In this blog, we explain what Open Banking is and what the future might hold for this new concept.
Technology has not only transformed the accounting industry but has taken all financial services by storm, with the latest tidal wave of innovation coming within the banking sector. As of 13th January 2018, third-party providers were allowed access to financial data from banks and building societies with the consent of customers. This concept is known as ‘Open Banking’.
Definition: What is Open Banking?
In a nutshell, Open Banking means that banks can share financial data with third parties if they have permission to do so from the customer. Third parties will then have access to the customer’s financial information, including transaction history, how they interact with banks, businesses used and spending behaviours. In practice, a customer could have a current account with one provider but could then differentiate between providers in other services such as mortgages, loans, overdrafts and insurance, and be able to view this all under one platform.
For example, you may use an application where you have an account with one provider but can also view all other accounts held with different providers all in one place. Another example would be when applying for a mortgage, a third-party application can analyse transaction history to evaluate customer’s spending habits or a budgeting application that can help save the customer money by highlighting unnecessary expenditure in their account.
Open Banking can convey a wealth of benefits to customers. Price comparisons can be made between banks and other financial services and ultimately result in customers finding better deals when selecting a product. It will increase competition and innovation in the industry, making it easier for customers to find a product that suits them and potentially lead to money savings. It should be noted that by using third parties you are not guaranteed cheaper and better deals, but you will benefit from an improved decision-making process.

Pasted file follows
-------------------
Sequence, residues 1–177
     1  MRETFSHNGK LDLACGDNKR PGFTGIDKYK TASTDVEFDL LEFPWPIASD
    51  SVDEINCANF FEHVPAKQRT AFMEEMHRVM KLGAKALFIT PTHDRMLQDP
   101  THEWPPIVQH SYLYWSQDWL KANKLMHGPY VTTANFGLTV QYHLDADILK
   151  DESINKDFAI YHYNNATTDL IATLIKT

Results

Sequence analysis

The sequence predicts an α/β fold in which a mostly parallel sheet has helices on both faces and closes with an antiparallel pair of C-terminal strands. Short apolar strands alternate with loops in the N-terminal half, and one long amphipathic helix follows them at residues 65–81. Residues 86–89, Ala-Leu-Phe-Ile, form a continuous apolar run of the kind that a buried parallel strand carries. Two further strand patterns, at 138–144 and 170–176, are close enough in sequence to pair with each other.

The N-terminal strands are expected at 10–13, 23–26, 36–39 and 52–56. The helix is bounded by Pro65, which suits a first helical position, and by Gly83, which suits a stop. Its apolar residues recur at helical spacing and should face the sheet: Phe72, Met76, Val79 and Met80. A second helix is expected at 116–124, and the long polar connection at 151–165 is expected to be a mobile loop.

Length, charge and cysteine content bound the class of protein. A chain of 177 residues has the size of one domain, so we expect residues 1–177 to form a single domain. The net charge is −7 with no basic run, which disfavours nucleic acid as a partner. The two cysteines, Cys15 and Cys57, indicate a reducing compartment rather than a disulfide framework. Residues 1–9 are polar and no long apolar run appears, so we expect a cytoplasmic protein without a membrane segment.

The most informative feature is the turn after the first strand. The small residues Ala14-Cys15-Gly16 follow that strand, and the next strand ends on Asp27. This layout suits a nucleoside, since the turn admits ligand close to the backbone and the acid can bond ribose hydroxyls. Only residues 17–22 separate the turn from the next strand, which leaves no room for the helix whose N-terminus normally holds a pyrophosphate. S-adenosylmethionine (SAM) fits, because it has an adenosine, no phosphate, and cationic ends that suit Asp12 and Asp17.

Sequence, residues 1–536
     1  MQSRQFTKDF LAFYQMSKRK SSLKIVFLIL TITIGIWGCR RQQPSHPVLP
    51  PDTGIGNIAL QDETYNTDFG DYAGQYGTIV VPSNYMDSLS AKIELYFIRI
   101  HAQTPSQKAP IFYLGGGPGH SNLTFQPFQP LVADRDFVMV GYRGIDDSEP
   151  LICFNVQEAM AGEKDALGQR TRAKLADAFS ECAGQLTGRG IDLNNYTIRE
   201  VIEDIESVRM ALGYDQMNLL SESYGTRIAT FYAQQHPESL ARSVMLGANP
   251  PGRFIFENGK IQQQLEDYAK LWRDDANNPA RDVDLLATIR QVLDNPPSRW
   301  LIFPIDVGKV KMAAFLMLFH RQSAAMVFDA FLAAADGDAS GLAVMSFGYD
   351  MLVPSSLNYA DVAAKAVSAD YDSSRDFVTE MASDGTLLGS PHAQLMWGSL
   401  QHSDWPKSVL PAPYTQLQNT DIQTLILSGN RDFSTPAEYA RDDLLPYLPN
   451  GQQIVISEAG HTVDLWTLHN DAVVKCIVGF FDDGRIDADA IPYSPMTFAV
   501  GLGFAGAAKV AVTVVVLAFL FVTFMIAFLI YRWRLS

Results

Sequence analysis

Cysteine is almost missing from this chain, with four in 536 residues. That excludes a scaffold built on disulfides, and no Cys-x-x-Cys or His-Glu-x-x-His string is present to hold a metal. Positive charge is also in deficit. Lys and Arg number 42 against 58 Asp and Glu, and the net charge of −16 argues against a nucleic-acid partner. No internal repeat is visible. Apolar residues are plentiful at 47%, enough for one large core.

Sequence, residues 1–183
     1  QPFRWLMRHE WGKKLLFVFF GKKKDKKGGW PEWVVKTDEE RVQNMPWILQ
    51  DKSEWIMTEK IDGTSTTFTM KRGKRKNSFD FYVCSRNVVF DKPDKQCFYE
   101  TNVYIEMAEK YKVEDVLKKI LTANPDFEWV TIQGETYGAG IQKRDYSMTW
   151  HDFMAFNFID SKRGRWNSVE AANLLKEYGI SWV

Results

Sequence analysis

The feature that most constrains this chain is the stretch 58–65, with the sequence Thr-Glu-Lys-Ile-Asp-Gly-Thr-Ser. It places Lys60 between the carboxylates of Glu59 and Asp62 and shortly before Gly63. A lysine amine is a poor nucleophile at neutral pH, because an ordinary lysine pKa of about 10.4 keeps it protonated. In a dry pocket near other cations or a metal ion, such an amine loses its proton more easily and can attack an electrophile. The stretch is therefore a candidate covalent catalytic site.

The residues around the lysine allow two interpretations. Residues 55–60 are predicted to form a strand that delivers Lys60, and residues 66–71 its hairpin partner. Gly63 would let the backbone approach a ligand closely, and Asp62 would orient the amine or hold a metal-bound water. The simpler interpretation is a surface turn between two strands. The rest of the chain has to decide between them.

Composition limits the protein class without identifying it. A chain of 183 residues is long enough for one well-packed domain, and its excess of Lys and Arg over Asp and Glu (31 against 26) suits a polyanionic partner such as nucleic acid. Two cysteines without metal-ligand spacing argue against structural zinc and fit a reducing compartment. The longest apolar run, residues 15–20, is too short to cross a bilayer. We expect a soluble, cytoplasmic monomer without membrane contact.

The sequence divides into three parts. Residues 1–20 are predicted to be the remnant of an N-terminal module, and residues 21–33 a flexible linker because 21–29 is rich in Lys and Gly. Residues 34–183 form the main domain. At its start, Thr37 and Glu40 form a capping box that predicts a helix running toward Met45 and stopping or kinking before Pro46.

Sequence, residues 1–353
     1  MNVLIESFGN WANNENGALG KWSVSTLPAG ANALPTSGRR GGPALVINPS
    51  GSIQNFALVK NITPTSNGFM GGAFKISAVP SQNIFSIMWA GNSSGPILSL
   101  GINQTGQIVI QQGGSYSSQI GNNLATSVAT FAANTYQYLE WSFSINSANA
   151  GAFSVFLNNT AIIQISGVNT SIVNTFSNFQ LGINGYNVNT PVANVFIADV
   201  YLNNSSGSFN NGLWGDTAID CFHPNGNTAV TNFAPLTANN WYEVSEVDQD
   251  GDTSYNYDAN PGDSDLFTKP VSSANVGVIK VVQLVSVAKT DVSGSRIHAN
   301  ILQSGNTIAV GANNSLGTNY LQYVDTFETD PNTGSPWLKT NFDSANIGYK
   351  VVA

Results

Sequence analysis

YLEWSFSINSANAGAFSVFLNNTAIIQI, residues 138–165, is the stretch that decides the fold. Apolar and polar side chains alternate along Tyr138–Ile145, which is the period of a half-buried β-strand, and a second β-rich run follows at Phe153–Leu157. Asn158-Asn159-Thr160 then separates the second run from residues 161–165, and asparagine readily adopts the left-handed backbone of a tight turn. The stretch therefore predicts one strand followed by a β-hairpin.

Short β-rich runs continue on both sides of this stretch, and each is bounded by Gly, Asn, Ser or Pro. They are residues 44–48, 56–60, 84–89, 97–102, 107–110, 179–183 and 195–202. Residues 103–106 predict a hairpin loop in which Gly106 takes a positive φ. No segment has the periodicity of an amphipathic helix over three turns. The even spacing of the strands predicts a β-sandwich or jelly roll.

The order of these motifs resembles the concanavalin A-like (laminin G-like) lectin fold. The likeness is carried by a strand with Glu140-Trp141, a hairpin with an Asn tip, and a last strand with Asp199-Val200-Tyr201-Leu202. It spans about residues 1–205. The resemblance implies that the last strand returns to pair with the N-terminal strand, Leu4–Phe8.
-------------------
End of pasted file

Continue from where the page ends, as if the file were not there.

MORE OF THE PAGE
Background and Open Banking Timeline
• Open Banking Work Group (OBWG) – September 2015
Many will be aware that competition between banks has stagnated in recent times, and that’s why in September 2015 the HM Treasury set up the Open Banking Work Group (OBWG). The OBWG’s objective was “to explore how data could be used to help people to transact, save, borrow, lend and invest their money”. By sharing data that banks traditionally protected, third parties can use applications to help consumers satisfy their needs. As a result, the OBWG introduced an Open Banking Standard to outline how Open Banking data can be shared, created and used.
• Second Payment Services Directive (PSD2) – January 2016
In January 2016 European legislation called the Second Payment Services Directive (PSD2) was introduced. This legislation stated that from 13th January 2018 it allowed third parties to access bank information from a customer with consent.
• The Competition and Markets Authority (CMA) Report – August 2016
Following a report published in 2016 by the CMA, it was found that “older, larger banks do not have to compete hard enough for customers’ business, and smaller, newer banks find it difficult to grow and access the market”. As a result, the Open Banking Implementation Entity (OBIE) was conceived and introduced an antidote called Open Banking to increase competition within the banking industry.